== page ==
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  • Writer's pictureDr. Keaton Massie

A Horse Has Only Got So Much Tooth, Protect it!

I felt I needed to write this article after examining a new patient, a 3 year old stallion in training, that was suddenly off food and couldn’t eat. He was lethargic, appeared colicky, could not chew normally, and had developed ulcers. So many worries went through my head until I performed a simple dental exam and discovered that his young teeth were completely rounded to where there was no flat occlusal surface to grind his food. Due to dental over-floating, this performance horse’s training and showing schedule was interrupted and he had to go on soaked pelleted feed for weeks.

by Dr. Keaton Massie Massie Equine Veterinary Clinic & Healing Center

There’s been a growing concern within the equine community regarding individuals performing excessive "floating" on horses' teeth. I have been noticing horses with their teeth ground down to almost nothing by lay dentists and veterinarians who somehow think this is acceptable.

This is very worrying because the horse only has so much tooth in its lifetime. Its tooth is a finite resource; which eventually runs out. In this article, I will explain why every horse owner should take extra precautions with dental floating procedures.

Floating is a routine dental procedure that involves gently filing a horse's teeth to remove sharp enamel edges, points, and irregularities that develop due to chewing naturally. This procedure ensures the horse can chew food effectively and without discomfort.

The case for tooth floating

Let me first clarify that I am not against the practice of floating a horse's teeth. Dental care, specifically floating, is an indispensable procedure for domesticated horses.

Why? Humans have changed the lifestyles and diets of horses. Unlike their wild counterparts who would graze on scrub grass in rocky terrain and spend hours foraging, today's domestic horses have adapted to a different dietary regimen.

So what is a normal horse tooth? Horse’s teeth have a very distinct irregular box shape from the start and there is no completely flat surface to the tooth. Great example of this is feeling your own molars with your tongue.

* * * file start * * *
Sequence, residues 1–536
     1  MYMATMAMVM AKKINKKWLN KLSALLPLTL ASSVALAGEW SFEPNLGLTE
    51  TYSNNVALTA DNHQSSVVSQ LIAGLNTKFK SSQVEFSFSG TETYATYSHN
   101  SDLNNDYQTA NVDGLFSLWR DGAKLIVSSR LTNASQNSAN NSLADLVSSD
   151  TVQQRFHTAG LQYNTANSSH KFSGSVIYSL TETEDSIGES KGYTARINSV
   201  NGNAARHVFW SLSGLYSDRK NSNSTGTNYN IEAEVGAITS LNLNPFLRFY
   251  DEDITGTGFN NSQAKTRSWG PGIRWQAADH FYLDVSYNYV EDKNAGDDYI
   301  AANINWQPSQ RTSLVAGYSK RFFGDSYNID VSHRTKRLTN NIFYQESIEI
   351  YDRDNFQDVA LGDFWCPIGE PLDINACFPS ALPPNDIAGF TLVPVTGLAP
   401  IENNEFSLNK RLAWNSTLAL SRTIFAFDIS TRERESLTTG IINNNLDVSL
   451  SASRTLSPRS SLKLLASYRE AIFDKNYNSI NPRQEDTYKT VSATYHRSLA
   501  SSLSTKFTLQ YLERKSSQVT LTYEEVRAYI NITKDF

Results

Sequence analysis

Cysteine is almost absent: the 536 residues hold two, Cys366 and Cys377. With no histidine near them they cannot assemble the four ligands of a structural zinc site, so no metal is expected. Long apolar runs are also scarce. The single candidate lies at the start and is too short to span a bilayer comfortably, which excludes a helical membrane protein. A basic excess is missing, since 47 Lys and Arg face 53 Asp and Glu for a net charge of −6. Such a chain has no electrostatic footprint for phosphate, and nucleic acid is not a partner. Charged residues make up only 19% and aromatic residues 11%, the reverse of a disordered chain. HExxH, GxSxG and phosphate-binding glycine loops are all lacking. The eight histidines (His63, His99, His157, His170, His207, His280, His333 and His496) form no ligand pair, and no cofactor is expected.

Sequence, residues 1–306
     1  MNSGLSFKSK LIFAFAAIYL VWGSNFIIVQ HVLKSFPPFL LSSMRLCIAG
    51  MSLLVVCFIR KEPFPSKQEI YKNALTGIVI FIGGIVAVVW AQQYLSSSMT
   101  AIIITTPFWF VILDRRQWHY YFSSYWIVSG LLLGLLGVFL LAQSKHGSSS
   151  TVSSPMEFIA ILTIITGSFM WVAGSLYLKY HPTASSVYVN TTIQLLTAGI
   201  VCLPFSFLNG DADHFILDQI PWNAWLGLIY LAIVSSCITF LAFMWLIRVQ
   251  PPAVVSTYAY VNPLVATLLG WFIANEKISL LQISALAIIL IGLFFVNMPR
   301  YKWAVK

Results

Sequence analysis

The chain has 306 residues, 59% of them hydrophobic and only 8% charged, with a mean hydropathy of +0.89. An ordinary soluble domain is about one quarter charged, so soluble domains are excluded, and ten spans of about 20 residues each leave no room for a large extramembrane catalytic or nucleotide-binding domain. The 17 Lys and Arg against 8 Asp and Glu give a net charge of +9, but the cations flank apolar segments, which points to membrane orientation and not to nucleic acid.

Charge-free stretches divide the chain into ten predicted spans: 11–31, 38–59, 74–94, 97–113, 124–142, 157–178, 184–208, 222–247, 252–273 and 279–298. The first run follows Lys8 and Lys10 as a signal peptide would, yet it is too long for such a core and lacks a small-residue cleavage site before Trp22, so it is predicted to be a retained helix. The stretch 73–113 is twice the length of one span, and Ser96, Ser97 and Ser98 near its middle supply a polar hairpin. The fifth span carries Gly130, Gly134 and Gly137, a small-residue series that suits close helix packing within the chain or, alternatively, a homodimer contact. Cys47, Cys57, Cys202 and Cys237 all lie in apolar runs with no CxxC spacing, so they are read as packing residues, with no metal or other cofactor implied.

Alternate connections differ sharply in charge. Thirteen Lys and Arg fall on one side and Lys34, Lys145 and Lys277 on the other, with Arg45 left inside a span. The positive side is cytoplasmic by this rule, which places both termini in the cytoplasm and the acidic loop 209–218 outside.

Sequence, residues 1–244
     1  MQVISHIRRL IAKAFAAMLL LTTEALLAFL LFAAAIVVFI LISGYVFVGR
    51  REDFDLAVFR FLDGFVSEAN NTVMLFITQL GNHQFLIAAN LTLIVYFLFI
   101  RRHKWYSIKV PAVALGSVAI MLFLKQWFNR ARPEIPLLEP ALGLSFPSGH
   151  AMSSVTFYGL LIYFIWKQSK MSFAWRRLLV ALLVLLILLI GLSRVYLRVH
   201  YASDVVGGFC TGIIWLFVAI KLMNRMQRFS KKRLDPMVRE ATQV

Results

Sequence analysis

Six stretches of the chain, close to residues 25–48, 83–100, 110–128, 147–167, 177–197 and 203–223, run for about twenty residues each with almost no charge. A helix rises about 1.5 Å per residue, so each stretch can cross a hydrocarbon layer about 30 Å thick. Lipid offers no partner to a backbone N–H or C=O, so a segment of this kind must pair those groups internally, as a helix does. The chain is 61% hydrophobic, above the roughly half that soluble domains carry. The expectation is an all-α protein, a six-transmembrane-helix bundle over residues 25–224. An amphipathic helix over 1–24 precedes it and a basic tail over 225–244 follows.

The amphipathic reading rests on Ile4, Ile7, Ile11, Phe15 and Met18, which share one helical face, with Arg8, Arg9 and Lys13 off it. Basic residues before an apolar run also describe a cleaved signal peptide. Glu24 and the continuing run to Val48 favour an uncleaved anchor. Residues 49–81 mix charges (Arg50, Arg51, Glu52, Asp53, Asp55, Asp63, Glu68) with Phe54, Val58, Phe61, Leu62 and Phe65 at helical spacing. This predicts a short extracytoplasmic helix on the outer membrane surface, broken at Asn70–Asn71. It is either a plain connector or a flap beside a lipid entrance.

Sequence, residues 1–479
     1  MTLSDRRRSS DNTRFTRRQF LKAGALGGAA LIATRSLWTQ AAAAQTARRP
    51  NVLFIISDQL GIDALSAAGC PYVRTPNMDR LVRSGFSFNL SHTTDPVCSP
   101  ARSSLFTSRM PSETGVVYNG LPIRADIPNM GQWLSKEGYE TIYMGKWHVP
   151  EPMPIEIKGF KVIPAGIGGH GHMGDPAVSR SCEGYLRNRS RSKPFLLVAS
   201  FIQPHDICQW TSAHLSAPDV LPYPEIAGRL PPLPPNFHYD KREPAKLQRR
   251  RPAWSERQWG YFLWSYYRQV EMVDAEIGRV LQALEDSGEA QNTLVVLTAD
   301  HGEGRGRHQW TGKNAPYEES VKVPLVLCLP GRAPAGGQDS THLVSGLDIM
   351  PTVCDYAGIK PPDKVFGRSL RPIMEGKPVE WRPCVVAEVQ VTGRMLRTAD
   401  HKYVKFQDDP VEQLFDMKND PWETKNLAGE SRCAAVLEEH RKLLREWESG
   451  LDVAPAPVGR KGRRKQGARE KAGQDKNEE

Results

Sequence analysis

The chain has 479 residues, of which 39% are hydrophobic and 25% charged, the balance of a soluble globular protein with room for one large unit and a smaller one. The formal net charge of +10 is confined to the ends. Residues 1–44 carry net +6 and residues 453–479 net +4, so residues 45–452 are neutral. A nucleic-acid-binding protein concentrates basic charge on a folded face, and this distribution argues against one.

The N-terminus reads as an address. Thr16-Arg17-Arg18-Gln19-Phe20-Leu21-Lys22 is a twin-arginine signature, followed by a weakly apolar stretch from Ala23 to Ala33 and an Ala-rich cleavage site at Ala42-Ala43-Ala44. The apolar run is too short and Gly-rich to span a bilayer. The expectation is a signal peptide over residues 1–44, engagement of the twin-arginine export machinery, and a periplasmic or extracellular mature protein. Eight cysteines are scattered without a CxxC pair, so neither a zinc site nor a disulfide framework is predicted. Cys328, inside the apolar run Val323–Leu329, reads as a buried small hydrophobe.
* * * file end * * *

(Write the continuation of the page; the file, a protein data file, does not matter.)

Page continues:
Adult horses possess hypsodont teeth designed to continually erupt throughout their lives as the grinding surface naturally wears down during feeding. These teeth harden into bone-like material by the age of 7 at which point they are “fully grown”. This means that after the age of 7 as they wear and erupt they cannot get any longer. This is the same as sharpening a pencil which eventually runs out.

Domesticated horses have adopted modified diets and eating patterns that change how their teeth wear naturally. Uneven wear on their teeth can cause sharp enamel points and tooth imbalances that prevent them from properly chewing their food. It can be particularly discomforting for horses during ridden exercise with pressure from the bridle on sensitive facial muscles and nerves connected to the jaw.

Regular dental care and teeth floating effectively address these imbalances before they become serious problems for your horse. This practice helps to improve chewing, prevent infections, relieve pain, and enhance your horse’s health.

The problem with excessive floating

Now, I must state that equine dentistry involves more than just addressing teeth; there is much more involved when problems arise within the mouth. The answer to every dental problem in a horse is not just floating the teeth. This is where some equine dentists, trainers, and veterinarians fall short in their approach.